Aug. 17 2016 01:48 PM

Old Globe takes a ‘Meteor Shower’ in Steve Martin’s new play

Josh Stamberg and Jenna Fischer in Meteor Shower
Photo by Jim Cox

Two married couples get together, with booze, and the outrageous happens. No, this isn’t Who’s Afraid of Virginia Woolf ? It’s Meteor Shower, Steve Martin’s 20-years-in-the-making comedy, a co-production between the Old Globe and Long Wharf Theatre. Actually, the booze isn’t that integral to Martin’s play, in which swaggering Gerald (Josh Stamberg) and sexpot Laura (Alexandra Henrikson) come to the Ojai home of Norm (Greg Germann) and Corky (Jenna Fischer) ostensibly to watch a display of falling meteors. Martin’s aim here is to have fun with the psychobabble and sexual anxiety of the marriages of the privileged, along with many of the same tropes skewered in his ’91 film L.A. Story. Like that movie, Meteor Shower also lapses into fantasy, though more graphically.

Meteor Shower is chock-full of deserving laughs, and the gifted foursome on stage is deft with physicality, significant looks and well-timed lines, even when some of the latter seem incongruous. For all their talent, the play they’re in constantly tries to out-clever itself and is frankly a case of the parts being greater than the whole.

Meteor Shower runs through Sept. 18 at the Old Globe’s Sheryl and Harvey White Theatre. $49 and up.


For its West Coast premiere of Lisa D’Amour’s Airline Highway, ion theatre has forsaken its blackbox space in Hillcrest for the roomier confines of the Tenth Avenue Arts Center downtown. A wise decision considering that during the play’s wild Act 2 party scene as many as 17 actors crowd the stage.

D’Amour’s earthy tale of the downand-out residents of the Hummingbird Hotel along New Orleans’ titular Airline Highway, and how they hold a Mardi Gras-style “living funeral” for their beloved matriarch (an ex burlesque queen), is not just a slice of underbelly life. It’s a turbulent dissection of losers and survivors. The Hummingbird’s denizens are real-seeming people with frailties and demons. Claudio Raygoza skillfully directs the debauchery, the devotion and the naked drama that unfold, sometimes all at once, on the behind-the-hotel set. With the exception of a teenage outsider who D’Amour’s script has tell us what it all means, Airline Highway is destination theater.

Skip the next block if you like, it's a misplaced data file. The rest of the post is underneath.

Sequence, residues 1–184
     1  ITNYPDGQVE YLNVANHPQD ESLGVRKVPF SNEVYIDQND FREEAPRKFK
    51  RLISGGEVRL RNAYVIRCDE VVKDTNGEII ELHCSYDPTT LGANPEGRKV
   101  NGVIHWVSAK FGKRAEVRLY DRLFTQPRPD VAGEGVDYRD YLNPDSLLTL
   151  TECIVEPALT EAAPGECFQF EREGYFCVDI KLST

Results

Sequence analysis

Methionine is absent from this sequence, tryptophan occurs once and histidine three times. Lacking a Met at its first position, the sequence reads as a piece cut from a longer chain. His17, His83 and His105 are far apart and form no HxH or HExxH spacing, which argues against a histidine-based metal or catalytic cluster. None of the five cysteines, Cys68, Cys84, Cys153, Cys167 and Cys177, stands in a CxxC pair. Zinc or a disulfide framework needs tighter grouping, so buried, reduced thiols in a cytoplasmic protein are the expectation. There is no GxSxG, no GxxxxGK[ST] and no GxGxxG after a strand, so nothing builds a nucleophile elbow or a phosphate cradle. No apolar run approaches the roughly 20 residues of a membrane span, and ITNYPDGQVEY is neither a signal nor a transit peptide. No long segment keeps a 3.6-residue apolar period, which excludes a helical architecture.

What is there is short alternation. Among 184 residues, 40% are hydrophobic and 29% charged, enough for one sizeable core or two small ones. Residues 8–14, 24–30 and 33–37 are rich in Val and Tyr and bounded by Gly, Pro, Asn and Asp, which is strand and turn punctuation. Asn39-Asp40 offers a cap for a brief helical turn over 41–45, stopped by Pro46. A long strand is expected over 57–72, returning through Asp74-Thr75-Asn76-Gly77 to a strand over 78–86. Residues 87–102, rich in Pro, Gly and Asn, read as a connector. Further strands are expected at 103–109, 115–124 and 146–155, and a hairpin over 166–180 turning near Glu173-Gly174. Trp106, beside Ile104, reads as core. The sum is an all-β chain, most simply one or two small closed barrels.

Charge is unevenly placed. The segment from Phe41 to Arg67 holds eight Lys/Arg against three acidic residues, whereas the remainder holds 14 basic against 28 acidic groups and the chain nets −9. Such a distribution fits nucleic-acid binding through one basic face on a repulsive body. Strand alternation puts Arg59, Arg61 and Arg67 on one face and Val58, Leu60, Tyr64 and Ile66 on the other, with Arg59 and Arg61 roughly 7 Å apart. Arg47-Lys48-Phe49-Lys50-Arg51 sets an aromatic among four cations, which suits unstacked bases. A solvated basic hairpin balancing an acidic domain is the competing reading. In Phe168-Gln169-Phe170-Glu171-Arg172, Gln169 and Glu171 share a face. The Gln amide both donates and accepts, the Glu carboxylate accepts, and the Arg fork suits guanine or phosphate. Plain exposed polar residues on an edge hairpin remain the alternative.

Airline Highway runs through Sept. 3 at the Tenth Avenue Arts Center, downtown. $14-$32.


American Rhythm: A singing-and-dancing show that highlights over a century’s worth of popular American music. Directed by Kerry Meads, it opens Aug. 17 at the Lamb’s Players Theatre in Coronado.

Titanic: The Musical: This Tony Award-winning musical has nothing to do with the movie, but (spoiler alert) the “unsinkable” ship still sinks. It opens Aug. 17 at the Moonlight Amphitheatre in Vista.

Gutenberg! The Musical!: Two best buds have written a musical about the inventor of the printing press, but must perform all 30 roles by themselves in order to get financing from a producer. Presented by Backyard Renaissance Theatre Company, it opens in previews Aug. 18 at the Diversionary Theatre in Hillcrest.